motive works: your story tells the reader what happens but the why and how is
always more interesting. So ask yourself what kind of impact you want this
motive to have on the plot because it is what will drive everything. When a
character doesn’t have a motivation (like a villain who is evil because) there
is no direction and no intrigue in the events as they unfold.
Is it out of fear or desire?
To put it very simply,
character motivation is fueled by either fear or desire (or maybe both). You
could eat because you saw someone else eating cake and now you really crave some
too, or you could eat because you fear dying of hunger. There are always primal
fears and desires like the desire for survival, companionship and happiness and
a fear of death and pain. These are great and can often come up but also try to
personalize them to your character so the reader feels why it is important to them. Once you having something fueling the motivation it becomes much more real and
gives you a better idea of how to use it.
Make it fit with the genre.
Along with personalizing to the
character, it’s good to keep in mind the tropes of the genre (remember tropes
are not the same as clichés). In a romance the reader expects one of the
motivations to be love, in a thriller it’s often about a fight for personal
survival and/or to save someone or something. The reason this is important is
because it would be odd for a character’s main motivation in a story about
saving the country from foreign invasion to be becoming a pianist. Unless, of
course the story is really about a young talent who loses their chance to
travel to a music school because of war, but now the plot has changed, hasn’t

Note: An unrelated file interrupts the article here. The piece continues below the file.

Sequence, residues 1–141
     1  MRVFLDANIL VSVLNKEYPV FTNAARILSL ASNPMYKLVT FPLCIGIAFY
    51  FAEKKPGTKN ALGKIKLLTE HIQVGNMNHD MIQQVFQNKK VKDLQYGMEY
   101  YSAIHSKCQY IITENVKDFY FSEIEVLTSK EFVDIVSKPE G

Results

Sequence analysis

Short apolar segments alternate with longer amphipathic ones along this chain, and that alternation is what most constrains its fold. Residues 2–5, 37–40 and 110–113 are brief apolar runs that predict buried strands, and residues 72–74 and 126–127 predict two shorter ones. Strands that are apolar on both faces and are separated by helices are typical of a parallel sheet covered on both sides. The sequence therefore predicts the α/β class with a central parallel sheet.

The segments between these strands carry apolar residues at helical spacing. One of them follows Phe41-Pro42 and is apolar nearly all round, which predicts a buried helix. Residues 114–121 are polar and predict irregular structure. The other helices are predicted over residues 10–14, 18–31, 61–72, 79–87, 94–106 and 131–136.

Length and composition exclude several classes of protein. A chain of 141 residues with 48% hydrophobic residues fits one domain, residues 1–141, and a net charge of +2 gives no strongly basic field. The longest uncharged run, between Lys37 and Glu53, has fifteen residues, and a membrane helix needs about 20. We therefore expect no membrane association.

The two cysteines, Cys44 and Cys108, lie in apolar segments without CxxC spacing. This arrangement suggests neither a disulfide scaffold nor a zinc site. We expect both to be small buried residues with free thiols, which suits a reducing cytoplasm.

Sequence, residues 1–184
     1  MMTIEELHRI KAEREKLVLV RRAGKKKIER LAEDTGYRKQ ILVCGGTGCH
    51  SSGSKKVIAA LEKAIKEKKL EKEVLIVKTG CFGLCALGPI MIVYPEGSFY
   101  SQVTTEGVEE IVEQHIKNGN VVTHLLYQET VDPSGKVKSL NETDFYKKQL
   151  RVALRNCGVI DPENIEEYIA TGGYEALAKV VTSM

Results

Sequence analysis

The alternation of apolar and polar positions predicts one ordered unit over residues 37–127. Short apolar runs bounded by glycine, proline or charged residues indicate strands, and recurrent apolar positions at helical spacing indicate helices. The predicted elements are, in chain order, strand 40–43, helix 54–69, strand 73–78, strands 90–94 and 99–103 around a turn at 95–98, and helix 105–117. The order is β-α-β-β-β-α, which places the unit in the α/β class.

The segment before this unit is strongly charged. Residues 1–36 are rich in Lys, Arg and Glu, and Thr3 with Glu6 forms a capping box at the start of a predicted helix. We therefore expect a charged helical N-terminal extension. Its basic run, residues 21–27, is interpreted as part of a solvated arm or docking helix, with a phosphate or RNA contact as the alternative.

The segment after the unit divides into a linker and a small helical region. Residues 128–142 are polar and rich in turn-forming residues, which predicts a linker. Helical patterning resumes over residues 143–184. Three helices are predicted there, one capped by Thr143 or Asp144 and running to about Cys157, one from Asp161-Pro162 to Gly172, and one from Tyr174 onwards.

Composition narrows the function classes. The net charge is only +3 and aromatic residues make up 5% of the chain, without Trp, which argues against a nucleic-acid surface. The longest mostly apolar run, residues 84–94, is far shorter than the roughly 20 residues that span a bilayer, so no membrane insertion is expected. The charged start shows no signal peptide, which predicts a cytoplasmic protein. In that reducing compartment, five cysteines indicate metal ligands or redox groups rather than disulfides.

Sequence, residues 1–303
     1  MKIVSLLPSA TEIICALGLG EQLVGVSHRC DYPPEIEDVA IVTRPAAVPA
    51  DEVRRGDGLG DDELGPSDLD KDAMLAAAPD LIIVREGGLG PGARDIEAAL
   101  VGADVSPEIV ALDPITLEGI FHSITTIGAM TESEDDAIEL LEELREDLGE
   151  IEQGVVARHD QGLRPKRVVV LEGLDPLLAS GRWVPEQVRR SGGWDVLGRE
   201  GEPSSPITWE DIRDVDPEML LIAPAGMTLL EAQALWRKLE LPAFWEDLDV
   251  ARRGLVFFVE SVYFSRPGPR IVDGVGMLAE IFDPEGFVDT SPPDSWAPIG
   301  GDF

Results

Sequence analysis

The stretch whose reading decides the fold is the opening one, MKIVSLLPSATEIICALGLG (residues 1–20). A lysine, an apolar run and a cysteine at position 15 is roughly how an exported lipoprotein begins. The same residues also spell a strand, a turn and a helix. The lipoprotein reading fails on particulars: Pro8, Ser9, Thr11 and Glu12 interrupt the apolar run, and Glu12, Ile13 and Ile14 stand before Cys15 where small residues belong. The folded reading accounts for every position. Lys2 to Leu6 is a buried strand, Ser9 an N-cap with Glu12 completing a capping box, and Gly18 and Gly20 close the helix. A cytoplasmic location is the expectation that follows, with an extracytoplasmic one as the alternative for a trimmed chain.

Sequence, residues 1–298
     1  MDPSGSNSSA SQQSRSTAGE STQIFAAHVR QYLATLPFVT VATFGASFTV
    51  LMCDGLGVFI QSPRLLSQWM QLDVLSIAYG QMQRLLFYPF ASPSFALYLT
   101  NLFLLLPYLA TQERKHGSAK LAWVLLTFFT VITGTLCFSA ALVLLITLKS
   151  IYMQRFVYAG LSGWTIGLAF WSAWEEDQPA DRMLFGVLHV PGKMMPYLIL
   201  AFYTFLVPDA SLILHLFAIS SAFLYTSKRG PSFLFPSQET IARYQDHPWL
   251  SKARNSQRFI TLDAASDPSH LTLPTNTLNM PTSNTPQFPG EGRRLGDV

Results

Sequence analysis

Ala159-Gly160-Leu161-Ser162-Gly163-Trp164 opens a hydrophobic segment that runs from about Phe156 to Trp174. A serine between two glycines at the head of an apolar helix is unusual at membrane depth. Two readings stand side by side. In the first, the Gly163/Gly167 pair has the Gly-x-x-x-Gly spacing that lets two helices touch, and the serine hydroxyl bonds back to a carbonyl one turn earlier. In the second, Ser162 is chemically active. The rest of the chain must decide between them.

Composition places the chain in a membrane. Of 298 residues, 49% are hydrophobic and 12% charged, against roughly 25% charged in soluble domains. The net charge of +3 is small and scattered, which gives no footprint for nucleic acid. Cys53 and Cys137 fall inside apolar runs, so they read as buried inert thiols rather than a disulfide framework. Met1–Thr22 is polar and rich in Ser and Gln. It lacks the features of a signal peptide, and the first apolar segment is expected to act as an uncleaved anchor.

it? There can be multiple motivations, especially when you cross genres like a
YA adventure, or thriller with a romance but just remember that readers who
give your work a try have certain expectations based on the genre so either try
to match or rethink the genre you’re really writing.
External and internal
External motivations are ones
that are imposed on your character by external forces while internal
motivations come from within themselves (personal desires). For example, take a
police officer tasked with finding a kidnapped victim. They have the external
motivation of solving this case because it is their job and failing at it would
be failing their assignment and leaving a life in peril. They could also have
many other personal motivations driving them like having lost their best friend
to trafficking or something completely unrelated, like they are motivated to
make their little kid proud. You can also try to make these motivations specific to differentiate from characters, at least in your own mind so you can weave that into the characters. External motivations can push the character into
the plot but the internal ones can keep them going when things get tough and make readers truly sympathize with them.
Finally, do your homework.
No matter how many tips you
read here or anywhere else, none of it is going to matter if you don’t sit down
and work out your character’s motivations to fit them and your plot. If you need
motivations for something that you might not be familiar with (eg. why someone
would commit a specific crime) or you need more information about the topic…RESEARCH!
Remember, remember, remember that there are no cutting corners when it comes to
writing so take a seat, let your mind explore the possibilities, and get to